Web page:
Their lips met now; no turning aside. Still standing with their arms
intertwined tightly to draw themselves together, they remained dumb,
in the perfect ecstasy of a never-ending kiss. Their fluttering breath
commingled, and both quivered as if in a burning fever. They seemed
without power to tear themselves apart, and knew nothing and desired
nothing beyond that long kiss of consecrated love.
She drew herself away, suddenly agitated. "Nay, Yann! Granny Yvonne
might see us," she faltered.
But he, with a smile, sought his wife's lips again and fastened his
own upon them, like a thirsty man whose cup of fresh water had been
taken from him.
The movement they had made broke the charm of delightful hesitation.
Yann, who, at the first, was going to kneel to her as before a saint,
felt himself fired again. He glanced stealthily towards the old oaken
bunk, irritated at being so close to the old woman, and seeking some
way not to be spied upon, but ever without breaking away from those
He stretched forth his arm behind him, and with the back of his hand
dashed out the light, as if the wind had done it. Then he snatched her
up in his arms. Still holding her close, with his mouth continually
pressed to hers, he seemed like a wild lion with his teeth embedded in
his prey. For her part she gave herself up entirely, to that body and
soul seizure that was imperious and without possible resistance, even
though it remained soft as a great all-comprising embrace.
Around them, for their wedding hymn, the same invisible orchestra,
played on---- "Hoo-ooh-hoo!" At times the wind bellowed out in its
deep noise, with a /tremolo/ of rage; and again repeated its threats,
as if with refined cruelty, in low sustained tones, flute-like as the
hoot of an owl.
The broad, fathomless grave of all sailors lay nigh to them, restless
and ravenous, drumming against the cliffs with its muffled boom.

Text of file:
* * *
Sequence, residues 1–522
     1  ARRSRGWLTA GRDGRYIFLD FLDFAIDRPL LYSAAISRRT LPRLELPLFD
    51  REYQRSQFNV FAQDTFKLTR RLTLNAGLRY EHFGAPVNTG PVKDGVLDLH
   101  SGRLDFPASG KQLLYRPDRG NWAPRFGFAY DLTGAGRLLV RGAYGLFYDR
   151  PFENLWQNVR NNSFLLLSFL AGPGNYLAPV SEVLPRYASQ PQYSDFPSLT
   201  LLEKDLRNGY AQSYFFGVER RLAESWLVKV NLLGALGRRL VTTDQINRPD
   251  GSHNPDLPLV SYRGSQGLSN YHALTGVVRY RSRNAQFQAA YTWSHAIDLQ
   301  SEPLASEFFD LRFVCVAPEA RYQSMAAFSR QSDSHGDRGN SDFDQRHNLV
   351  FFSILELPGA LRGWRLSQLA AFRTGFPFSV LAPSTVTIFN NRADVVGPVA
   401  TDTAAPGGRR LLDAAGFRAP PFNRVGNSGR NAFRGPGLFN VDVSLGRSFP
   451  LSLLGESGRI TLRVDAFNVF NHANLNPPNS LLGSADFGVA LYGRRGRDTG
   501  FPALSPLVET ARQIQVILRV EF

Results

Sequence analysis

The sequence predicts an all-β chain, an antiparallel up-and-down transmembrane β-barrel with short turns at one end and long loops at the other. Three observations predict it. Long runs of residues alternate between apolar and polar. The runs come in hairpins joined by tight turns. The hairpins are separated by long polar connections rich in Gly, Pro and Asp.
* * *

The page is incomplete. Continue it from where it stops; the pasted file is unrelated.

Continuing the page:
One night or another Yann would have to be caught in that maw, and
battle with it in the midst of the terror of ice as well. Both knew
But what mattered that now to them on land, sheltered from the sea's
futile fury. In their poor gloomy cottage, over which tempest rushed,
they scorned all that was hostile, intoxicated and delightfully
fortified against the whole by the eternal magic of love.
THE BLISSFUL WEEK
For six days they were husband and wife. In this time of leave-taking
the preparations for the Iceland season occupied everybody. The women
heaped up the salt for the pickle in the holds of the vessels; the men
saw to the masts and rigging. Yann's mother and sisters worked from
morning till night at the making of the sou'westers and oilskin
The weather was dull, and the sea, forefeeling the approach of the
equinoctial gales, was restless and heaving.
Gaud went through these inexorable preparations with agony; counting
the fleeting hours of the day, and looking forward to the night, when
the work was over, and she would have her Yann to herself.
Would he leave her every year in this way?
She hoped to be able to keep him back, but she did not dare to speak
to him about this wish as yet. He loved her passionately, too; he
never had known anything like this affection before; it was such a
fresh, trusting tenderness that the same caresses and fondlings always
seemed as if novel and unknown heretofore; and their intoxication of
love continued to increase, and never seemed--never was satiated.
What charmed and surprised her in her mate was his tenderness and
boyishness. This the Yann in love, whom she had sometimes seen at
Paimpol most contemptuous towards the girls. On the contrary, to her
he always maintained that kindly courtesy that seemed natural to him,
and she adored that beautiful smile that came to him whenever their
eyes met. Among these simple folk there exists the feeling of absolute
respect for the dignity of the wife; there is an ocean between her and
the sweetheart. Gaud was essentially the wife. She was sorely troubled
in her happiness, however, for it seemed something too unhoped for, as
unstable as a joyful dream. Besides, would this love be lasting in
Yann? She remembered sometimes his former flames, his fancies and
different love adventures, and then she grew fearful. Would he always
cherish that infinite tenderness and sweet respect for her?